The ostensible worship of beings who have a mixture of animal and human form is Therianthropy. The word comes from the Greek therion = wild beast, and anthropos = human. Therianthropes (or therians) believe they are in touch with the spirit of the animal they worship and can assume the animal's mentality. Two well-known mixed human-animal gods from ancient Egypt are Bastet (or Bast), a woman with a cat's head, and Anubis, the god of mummification, with a jackal's head. Modern therians have assorted views, no primary doctrine and no generally recognised authority.
||However, many people embrace a strongly human-centred attitude about animals that derive from Judaeo-Christian sources. These attitudes hold that humans are in every way more important than animals. This has major consequences for animal rights.
Three central beliefs commonly accepted by Christianity for centuries are that:
- God made animals for human use (see the illustration at head of page).
- Animals do not have intellect (that is cannot reason).
- Animals do not have souls.
People have used the Judaeo-Christian tradition to justify exploiting animals without moral obligation to them, although they do not sanction deliberate cruelty to animals.
Photo: Andriy Makukha (Amakukha).
A more modern interpretation of Christian thought is that:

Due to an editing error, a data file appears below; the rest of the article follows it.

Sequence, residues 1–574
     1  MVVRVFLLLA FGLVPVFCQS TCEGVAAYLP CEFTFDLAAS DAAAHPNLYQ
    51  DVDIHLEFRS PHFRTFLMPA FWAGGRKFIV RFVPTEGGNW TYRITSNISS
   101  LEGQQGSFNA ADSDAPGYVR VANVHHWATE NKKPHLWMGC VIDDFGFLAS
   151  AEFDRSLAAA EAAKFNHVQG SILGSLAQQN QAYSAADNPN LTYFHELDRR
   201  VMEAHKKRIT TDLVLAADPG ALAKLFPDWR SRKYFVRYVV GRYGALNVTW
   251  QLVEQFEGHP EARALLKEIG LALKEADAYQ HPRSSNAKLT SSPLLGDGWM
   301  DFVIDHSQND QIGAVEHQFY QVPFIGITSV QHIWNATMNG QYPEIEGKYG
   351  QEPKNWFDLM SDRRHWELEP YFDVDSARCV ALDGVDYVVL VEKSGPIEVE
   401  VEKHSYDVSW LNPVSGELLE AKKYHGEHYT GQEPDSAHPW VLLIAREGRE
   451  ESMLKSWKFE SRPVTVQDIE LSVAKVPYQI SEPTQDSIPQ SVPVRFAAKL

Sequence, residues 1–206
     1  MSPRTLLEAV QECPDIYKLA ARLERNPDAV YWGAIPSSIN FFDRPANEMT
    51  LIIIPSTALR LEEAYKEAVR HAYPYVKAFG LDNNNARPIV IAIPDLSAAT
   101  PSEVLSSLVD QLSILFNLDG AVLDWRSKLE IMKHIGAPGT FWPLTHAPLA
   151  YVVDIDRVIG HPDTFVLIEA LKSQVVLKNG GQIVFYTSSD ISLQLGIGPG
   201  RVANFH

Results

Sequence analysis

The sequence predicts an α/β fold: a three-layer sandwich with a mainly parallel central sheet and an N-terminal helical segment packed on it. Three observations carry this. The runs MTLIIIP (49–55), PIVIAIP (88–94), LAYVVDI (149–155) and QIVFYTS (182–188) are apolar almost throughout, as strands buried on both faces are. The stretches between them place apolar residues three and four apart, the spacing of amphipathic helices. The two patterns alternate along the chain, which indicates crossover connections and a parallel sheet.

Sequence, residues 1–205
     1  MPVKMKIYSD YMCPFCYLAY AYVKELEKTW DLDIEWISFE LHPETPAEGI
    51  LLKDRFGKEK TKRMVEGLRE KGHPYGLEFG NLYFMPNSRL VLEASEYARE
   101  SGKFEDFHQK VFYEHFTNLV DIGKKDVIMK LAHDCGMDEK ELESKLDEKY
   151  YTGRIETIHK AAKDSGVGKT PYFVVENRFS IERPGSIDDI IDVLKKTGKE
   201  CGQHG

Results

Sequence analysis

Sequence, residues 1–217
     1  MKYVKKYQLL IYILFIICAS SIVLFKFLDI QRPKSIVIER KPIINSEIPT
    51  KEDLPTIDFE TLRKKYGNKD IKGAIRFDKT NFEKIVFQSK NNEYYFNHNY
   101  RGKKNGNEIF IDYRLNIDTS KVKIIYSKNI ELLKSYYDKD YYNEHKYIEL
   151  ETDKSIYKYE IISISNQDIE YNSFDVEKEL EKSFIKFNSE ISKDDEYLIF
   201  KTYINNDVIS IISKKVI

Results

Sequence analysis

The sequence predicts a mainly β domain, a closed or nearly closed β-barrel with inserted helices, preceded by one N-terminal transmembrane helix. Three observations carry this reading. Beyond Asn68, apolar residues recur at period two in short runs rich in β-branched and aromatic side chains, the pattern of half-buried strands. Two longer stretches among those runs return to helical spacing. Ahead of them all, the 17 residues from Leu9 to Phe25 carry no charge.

- Humans have a responsibility from God to care for animals.
- Humans and animals share a kinship.
- Humans should be benevolent as well as not cruel to animals.
A recent version of Christian thought reinterprets Christian teachings that ignore or marginalize sentient animals. 'Animal theology' asserts that:
- God cares about all creatures, not just humans.
- Humans are not the masters of other creatures but have a special role as their carers.
- Sentient animals as well as humans survive death, that is have souls.
- Christianity must broaden its outlook to the whole universe.
Another and stronger recent version is that:
- Animals have rights because they belong to God.
- Animals do not have free will and it is wrong for humans to take advantage of this lack.
- Use of animals implies responsibility, not domination, so that the strong (humans) should protect the weak (animals).
Andrew Linzey, Anglican priest and theologian, a strong campaigner within the Church for animal rights, advances these recent interpretations of Christian values regarding animals. See the related topic Animal Preacher in How to Do Animal Rights
See the entry Anthropocentrism about dominionism and stewardism.
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